Here’s a shocker of an article about how the American obsession with population control in the 1960s and ’70s led American policymakers and NGOs alike to actually encourage sex selection. If traditionally male-biased families could assure themselves of having a boy right off the bat, the reasoning went, they wouldn’t have so many children. End result: 160 million missing females (and this “at a time when women are driving many developing economies”)—and a corresponding number of frustrated young males looking for trouble. Talk about unintended consequences!
In the Japanese arena the protagonist of pregnancy is the interconnected entity of the mother-baby, whereas in the Israeli case the protagonists are the pregnant woman and her suspect fetus. Pregnancy is conceptualized as an early stage of parenting in Japan and is all about the interdependence of mother and baby and their ongoing relationships. The Israeli model defines pregnancy as a state “in limbo” that involves two separate individuals (of whom only one is a person).
In this respect, perhaps, Israel can stand in for the whole West. At some point autonomy became the premier value in Western, especially American, culture. Relationship thereby came to seem at least as much a threat as a necessity. Women, assigned to be the tenders and maintainers of needed but denied support systems, were themselves often regarded as a regrettable necessity; they, and the part of men that needed them, were regarded with contempt. Just think of the rejected man who kills the woman, their kids, and then himself. Women in feminism’s second wave aspired to the prized virtue of autonomy (I was there! I did!), believing that only when they became as monadic as the mythic ideal man would they have attained full and equal human status.
The biggest threat to a young woman’s hard-won, fiercely guarded, precarious autonomy is her body’s propensity to get pregnant. Young feminist women who advocate abortion on demand seem to regard an ill-timed embryo as a parasite, a hijacker, almost an assailant — a infiltrating secret agent of all those who would throw a net over free women and curtail their autonomy, forcing them into service to others than themselves. (The male equivalent of this alienation of affections from the self used to be shotgun marriage; now, I guess, it’s child support.) They cast abortion almost as an act of resistance to oppression. (Autonomy doesn’t mean Western women are never willing to serve others than themselves, but it does mean they want to be the ones to decide whom and when.) In my own essay on abortion, I tried carefully to describe it in a more balanced way:
It is a kind of self-defense – one life in precarious progress fending off a blameless hijacking by another barely begun – yet it presents the stomach-turning conundrum of self-defense against the defenseless. To define this act as either a crime or a right is too simple. It‘s a tragedy.
The author of the blog post that caught my eye tonight, reporting on an Israeli anthropologist’s comparative study, is a Christian who resonates more with the Japanese view:
The notion that the developing baby is indeed a baby right from the start reflects my own convictions, and I was especially drawn to Ivry’s descriptions of the Japanese practice of taikyô, which involves speaking to the unborn baby. In the words of a bestselling Japanese prenatal guide, “It is practiced in order to deepen the bonds between the mother and the baby, through the mother’s recognition of the baby and her acceptance of him.” Ivry’s descriptions of Japanese mothers practicing taikyô with their unborn babies reminded me of reading the Bible to my daughter, moments after I discovered I was pregnant.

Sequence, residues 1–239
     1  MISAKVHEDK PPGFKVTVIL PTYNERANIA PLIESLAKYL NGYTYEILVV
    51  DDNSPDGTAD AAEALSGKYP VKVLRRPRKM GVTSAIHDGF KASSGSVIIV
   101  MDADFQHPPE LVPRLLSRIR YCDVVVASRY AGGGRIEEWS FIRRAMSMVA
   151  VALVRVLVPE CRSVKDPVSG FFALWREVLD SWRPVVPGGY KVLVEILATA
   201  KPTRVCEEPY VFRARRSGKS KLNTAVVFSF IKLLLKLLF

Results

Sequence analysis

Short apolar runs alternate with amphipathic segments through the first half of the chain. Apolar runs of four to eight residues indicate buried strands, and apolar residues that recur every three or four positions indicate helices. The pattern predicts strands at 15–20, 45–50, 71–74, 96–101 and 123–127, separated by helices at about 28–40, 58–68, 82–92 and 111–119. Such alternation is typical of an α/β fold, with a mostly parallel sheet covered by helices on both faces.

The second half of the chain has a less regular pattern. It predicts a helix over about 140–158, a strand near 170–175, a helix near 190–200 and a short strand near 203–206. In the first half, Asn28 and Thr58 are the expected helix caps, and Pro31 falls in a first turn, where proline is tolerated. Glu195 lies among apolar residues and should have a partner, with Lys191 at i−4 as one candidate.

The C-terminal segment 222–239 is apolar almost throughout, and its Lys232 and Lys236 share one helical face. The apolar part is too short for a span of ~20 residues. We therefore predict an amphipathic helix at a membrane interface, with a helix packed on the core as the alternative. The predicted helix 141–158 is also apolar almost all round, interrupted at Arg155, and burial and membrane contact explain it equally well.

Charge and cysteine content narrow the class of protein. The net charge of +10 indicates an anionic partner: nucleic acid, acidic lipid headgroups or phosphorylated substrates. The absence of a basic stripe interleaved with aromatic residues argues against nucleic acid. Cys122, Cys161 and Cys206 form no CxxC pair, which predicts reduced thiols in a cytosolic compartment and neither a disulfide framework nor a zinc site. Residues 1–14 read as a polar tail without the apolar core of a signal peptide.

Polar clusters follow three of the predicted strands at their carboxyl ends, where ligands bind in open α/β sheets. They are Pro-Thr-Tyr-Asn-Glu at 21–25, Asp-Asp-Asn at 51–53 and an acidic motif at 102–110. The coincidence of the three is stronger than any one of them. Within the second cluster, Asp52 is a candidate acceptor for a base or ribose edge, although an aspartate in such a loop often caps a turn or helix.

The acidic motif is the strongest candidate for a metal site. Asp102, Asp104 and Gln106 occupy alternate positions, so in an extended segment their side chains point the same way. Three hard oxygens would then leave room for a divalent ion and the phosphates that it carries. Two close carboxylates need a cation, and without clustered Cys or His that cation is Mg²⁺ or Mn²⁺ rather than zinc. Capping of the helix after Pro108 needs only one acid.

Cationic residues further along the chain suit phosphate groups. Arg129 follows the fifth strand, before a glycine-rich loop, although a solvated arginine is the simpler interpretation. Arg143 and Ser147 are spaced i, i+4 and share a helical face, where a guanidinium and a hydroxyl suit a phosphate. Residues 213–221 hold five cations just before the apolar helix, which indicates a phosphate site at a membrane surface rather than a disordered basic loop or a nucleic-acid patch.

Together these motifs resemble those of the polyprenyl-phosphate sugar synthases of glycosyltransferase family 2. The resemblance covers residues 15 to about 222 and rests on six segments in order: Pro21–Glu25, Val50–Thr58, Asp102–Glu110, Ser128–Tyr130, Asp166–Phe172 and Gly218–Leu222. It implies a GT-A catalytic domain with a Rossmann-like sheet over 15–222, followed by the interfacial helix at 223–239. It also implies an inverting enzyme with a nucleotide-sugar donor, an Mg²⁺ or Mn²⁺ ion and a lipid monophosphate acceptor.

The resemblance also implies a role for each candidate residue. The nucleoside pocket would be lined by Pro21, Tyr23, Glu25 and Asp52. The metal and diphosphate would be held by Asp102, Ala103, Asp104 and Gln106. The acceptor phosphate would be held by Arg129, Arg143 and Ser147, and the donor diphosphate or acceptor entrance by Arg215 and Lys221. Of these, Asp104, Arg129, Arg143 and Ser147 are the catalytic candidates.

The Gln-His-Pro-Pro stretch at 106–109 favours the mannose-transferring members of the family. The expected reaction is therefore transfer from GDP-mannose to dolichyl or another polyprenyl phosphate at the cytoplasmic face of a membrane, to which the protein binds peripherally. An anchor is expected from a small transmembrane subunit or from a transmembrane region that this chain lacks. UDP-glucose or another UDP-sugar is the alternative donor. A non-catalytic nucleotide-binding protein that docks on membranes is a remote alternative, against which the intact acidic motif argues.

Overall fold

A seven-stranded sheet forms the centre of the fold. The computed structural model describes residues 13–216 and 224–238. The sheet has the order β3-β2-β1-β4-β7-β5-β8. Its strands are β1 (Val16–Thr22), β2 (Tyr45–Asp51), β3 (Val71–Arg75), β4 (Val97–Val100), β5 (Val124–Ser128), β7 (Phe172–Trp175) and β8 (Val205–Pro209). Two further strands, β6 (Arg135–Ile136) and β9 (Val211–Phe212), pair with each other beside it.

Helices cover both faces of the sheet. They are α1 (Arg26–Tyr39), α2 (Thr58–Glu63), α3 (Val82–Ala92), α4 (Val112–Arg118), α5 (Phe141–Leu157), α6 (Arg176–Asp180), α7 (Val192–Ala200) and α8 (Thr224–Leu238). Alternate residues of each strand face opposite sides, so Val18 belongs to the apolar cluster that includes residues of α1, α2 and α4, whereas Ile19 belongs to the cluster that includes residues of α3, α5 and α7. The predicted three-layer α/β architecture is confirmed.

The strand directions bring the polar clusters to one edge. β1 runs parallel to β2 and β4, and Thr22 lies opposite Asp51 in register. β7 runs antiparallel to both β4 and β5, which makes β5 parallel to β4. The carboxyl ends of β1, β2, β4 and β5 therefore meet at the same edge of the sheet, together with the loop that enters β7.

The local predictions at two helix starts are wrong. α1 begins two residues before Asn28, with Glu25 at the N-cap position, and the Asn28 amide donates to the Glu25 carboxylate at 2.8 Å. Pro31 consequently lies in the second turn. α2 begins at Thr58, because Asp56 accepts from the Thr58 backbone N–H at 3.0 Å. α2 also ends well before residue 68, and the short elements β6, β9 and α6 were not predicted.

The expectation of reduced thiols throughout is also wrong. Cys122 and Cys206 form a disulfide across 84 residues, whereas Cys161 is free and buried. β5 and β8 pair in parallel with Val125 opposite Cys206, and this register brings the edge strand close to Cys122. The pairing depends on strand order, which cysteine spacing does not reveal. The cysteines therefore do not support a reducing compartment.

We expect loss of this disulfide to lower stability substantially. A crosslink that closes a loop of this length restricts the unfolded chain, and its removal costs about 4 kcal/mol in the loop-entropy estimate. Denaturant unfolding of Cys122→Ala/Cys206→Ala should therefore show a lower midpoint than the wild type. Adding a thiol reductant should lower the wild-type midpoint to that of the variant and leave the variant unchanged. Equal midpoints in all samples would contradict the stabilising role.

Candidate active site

Yet it doesn’t escape Elrena Evans’s notice that early abortion is legal and practiced in Japan:
Although Japanese pregnancy culture embraces the growing child as a current—not future, or potential—person, and the abortion rate is lower than it is in the United States, abortion is not rare in Japan. “To this day abortions are available practically on demand in Japan,” Ivry writes, though there are limitations on how far into a pregnancy abortion can be performed.
She says no more on this fascinating subject, which, like other aspects of Japanese culture, always gives me a through-the-looking-glass feeling. (Follow that link!) Imagine: “the process of government certification for abortionists in Japan makes them members of the Motherhood Protection Association.” And an aborted embryo or fetus, like a miscarried one, doesn’t cease to exist as if it never was; it remains a part of the family! Who is weirder, us or them?
It reminds me of my own frustrated efforts to get people to hear what I’m saying about my abortion. I keep saying, “I don’t feel guilt, I feel regret,” and they persist in conflating the two, saying again and again either “You have to forgive yourself” or “God forgives you.” I feel as if I’m not being heard. Guilt can be absolved and resolved by forgiveness. Regret is forever, without even the sadomasochistic satisfactions of blame.
ADDED: Evans’ blog post goes on to describe the Israeli experience of pregnancy as less one of assailed autonomy than one of anxiety about the normality of the fetus. The broader difference between the Western and Japanese views, it seems to me, is the scientific materialism that’s come to dominate the West. To a majority of Americans, when a baby is physically aborted, it’s gone as if it never existed. And if it’s physically flawed (but viable), it should never have existed. I don’t know whether the Japanese test for and abort, e.g., Down syndrome babies. But while they may bring little knitted caps to the shrine for aborted fetuses, they are notorious for being callous towards the disabled.
None of this is simple.